2014 Year of the “Mule”: the Royal Mint confirms Lunar Year and Britannia striking errors

The UK 2014 Year of the Horse 1oz Silver 'Mule'

The UK 2014 Year of the Horse 1oz Silver ‘Mule’

If you own the 2014 Year of the Horse Lunar Silver Coin or the 2014 Britannia coin, I suggest you go and dig them out before you read any more.  That’s because it’s just possible that you are sitting on something rather unusual – a Royal Mint “mule”.

A “mule” is a coin where the one of the sides has been struck with the wrong die.  And that’s what happened with some of the Royal Mint’s 2014 Year of the Horse and Britannia coins.

Officially confirmed by the Royal Mint

Year of the 'Mule'

Year of the ‘Mule’

It seems attention was first drawn to the matter when a US dealer noticed that some of their Britannia coins had a different obverse (heads) side to the rest of the stock, lacking the denticle design around the edge, normally seen with Britannia coins.

The Royal Mint has now acknowledged the error, which has resulted in approximately 17,000 Britannia coins being struck with the non-denticled Year of the Horse obverse and 38,000 Year of the Horse coins having the denticled Britannia version as their obverse.

Selling for 250 times its original value

Perhaps the best recent example of a UK mule in recent years was the undated 20p coin, which was uncovered in 2008.  Approximately 250,000 20p coins were struck using an old obverse design, which left them undated.  The news was followed by a media frenzy with many millions of people searching their change in the hope finding what was to prove to be a valuable error.  Indeed an undated 20p currently changes hands on ebay for around £50 – 250 times its original value.

So what of these latest Royal Mint errors?  Unlike the 20p these are not general circulation coins but as bullion coin they will have been sold around the world to coin dealers and investors.  That means that they will be much harder for the British general public to track down.  Plus, of course, in terms of pure numbers struck, they are considerably scarcer than the undated 20p.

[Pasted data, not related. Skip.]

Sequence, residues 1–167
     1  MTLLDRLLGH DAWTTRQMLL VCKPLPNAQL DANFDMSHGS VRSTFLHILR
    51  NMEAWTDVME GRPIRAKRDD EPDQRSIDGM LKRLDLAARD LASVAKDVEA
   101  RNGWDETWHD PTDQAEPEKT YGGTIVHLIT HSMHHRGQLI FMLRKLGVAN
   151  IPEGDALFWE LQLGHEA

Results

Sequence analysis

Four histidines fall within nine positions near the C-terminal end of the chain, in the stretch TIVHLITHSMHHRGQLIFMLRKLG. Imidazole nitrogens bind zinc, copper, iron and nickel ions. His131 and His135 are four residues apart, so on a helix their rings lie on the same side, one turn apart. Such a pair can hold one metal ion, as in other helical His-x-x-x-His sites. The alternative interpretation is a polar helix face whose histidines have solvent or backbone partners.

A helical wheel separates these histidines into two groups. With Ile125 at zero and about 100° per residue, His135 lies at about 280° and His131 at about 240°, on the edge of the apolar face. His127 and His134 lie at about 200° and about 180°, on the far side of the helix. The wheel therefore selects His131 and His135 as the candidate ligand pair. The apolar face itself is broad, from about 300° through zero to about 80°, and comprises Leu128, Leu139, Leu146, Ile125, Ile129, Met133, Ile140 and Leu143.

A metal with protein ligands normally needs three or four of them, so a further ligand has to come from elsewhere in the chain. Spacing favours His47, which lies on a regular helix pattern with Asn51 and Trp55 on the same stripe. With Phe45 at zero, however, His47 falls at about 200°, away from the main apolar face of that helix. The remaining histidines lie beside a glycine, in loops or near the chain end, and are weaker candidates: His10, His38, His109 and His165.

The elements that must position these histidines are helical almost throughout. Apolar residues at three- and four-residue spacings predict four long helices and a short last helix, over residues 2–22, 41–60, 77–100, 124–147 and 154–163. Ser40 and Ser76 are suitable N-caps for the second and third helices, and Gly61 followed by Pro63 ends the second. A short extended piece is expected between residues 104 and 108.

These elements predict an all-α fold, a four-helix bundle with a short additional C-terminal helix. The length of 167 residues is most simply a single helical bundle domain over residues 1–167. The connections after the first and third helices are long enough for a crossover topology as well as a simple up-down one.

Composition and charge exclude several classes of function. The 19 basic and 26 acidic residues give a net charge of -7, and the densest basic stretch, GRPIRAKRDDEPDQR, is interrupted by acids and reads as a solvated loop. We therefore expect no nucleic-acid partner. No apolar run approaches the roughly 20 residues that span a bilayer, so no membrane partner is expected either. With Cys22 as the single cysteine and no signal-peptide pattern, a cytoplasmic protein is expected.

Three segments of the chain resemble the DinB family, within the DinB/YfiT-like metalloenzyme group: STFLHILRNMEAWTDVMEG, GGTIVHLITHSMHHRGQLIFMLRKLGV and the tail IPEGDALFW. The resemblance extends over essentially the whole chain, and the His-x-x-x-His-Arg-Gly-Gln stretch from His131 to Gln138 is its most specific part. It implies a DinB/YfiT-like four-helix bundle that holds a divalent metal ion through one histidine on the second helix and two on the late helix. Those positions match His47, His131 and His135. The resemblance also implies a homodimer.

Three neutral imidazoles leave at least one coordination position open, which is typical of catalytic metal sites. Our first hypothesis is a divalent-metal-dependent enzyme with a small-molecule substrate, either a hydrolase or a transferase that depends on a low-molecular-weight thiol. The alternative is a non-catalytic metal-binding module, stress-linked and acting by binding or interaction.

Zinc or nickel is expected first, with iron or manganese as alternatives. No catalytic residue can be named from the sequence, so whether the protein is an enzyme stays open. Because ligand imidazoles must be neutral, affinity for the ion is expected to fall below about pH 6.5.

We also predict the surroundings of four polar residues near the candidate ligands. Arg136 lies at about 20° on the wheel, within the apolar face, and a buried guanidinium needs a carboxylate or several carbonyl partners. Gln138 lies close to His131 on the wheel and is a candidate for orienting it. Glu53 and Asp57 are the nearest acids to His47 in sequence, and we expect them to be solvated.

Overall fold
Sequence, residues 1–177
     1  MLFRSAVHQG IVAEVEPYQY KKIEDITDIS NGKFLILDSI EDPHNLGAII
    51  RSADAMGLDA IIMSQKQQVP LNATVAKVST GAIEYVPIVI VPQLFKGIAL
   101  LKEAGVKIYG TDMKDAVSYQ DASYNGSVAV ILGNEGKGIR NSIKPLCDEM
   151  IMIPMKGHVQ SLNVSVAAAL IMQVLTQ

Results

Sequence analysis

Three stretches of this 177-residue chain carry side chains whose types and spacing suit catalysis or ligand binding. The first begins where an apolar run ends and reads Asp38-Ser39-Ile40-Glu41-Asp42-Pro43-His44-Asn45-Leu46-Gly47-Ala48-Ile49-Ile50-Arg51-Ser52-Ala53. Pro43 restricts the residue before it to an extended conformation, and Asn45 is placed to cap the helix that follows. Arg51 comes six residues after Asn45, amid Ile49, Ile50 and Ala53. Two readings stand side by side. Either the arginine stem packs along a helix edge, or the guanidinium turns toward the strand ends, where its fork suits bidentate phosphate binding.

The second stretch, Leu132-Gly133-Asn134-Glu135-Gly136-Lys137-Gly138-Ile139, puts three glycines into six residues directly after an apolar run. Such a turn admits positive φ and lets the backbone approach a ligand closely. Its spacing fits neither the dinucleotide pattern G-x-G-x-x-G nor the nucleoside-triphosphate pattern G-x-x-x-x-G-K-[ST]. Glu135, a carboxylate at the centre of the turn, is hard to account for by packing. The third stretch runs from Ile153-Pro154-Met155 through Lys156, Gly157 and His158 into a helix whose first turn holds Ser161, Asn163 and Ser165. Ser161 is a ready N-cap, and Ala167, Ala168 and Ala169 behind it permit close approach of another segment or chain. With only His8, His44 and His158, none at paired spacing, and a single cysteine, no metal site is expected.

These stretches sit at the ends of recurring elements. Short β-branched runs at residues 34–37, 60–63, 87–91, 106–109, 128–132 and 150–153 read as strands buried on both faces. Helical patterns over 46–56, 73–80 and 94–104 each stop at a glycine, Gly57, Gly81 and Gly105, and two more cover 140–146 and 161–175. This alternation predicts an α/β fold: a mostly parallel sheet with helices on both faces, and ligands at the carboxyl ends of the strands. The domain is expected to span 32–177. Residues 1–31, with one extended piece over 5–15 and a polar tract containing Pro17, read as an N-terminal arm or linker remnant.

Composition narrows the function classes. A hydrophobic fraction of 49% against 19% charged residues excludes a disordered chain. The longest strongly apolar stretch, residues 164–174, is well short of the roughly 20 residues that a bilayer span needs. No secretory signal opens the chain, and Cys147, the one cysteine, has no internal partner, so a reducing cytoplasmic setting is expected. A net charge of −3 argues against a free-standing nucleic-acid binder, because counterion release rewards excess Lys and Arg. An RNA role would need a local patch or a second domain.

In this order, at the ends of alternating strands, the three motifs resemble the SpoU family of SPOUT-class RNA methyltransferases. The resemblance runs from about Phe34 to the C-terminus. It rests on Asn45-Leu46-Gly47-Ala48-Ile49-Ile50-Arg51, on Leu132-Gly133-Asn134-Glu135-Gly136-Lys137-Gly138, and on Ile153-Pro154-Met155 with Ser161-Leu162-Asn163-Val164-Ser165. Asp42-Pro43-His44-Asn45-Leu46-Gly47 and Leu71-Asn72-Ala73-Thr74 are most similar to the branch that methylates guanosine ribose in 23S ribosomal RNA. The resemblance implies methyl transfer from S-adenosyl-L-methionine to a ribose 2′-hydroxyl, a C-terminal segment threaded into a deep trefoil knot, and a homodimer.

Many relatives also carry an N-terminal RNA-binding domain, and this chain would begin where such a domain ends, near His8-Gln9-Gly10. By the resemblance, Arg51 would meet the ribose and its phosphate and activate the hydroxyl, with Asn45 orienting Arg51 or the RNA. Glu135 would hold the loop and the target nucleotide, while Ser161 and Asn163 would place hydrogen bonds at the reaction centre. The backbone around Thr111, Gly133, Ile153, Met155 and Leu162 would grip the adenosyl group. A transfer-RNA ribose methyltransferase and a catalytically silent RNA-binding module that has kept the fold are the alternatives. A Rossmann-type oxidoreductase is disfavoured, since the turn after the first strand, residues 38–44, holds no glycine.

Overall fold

Early listings on ebay have been as high as £500 and above, so if you are lucky enough to own either the 2014 Britannia or Year of the Horse coins, I would definitely dig them out and take a look – it might be your lucky day.


UK 2014 Year of the Horse 1oz Silver Mule CoinThe Westminster Collection has managed to acquire a small number of the 1oz Silver Year of the Horse ‘Mule’ error coins – if you are interested in owning one please click here for more details.


  1. DoubleTheMoney on April 17, 2014 at 3:04 pm

    Hello, in February I published a post on my blog – http://www.doublethemoney.info – on exactly this subject after one of the London to Rio coins was presented across the bar where I work.
    I contacted the Mint to query their mintage figures and received an assurance that those posted on the website were inaccurate but would be updated shortly. This has not yet happened.
    Please take a look at the “Update: Rarest Modern UK Coin” post on the blog for full information.

    • Mark Liversidge on April 22, 2014 at 5:05 pm

      Hi, The Royal Mint have confirmed that the mintage figures for this particular coin are inaccurate as plenty more have been struck since the figures were last published. The page is due to be updated at the ‘end of April’ so if they are true to their word, by the end of next week we should have an accurate figure!

  2. Lyndsey on April 10, 2014 at 5:30 pm

    Talking about rare coins, is there less London to Rio Olympic £2 coin than Kew gardens 50p.

    • Mark Liversidge on April 15, 2014 at 1:33 pm

      Hi Lyndsey, The Royal Mint’s mintage figures for the London to Rio Handover £2 were accurate at the time the figures were published. Since then hundreds of thousands more have entered circulation, so the coin is not more scarce than the Kew Gardens 50p.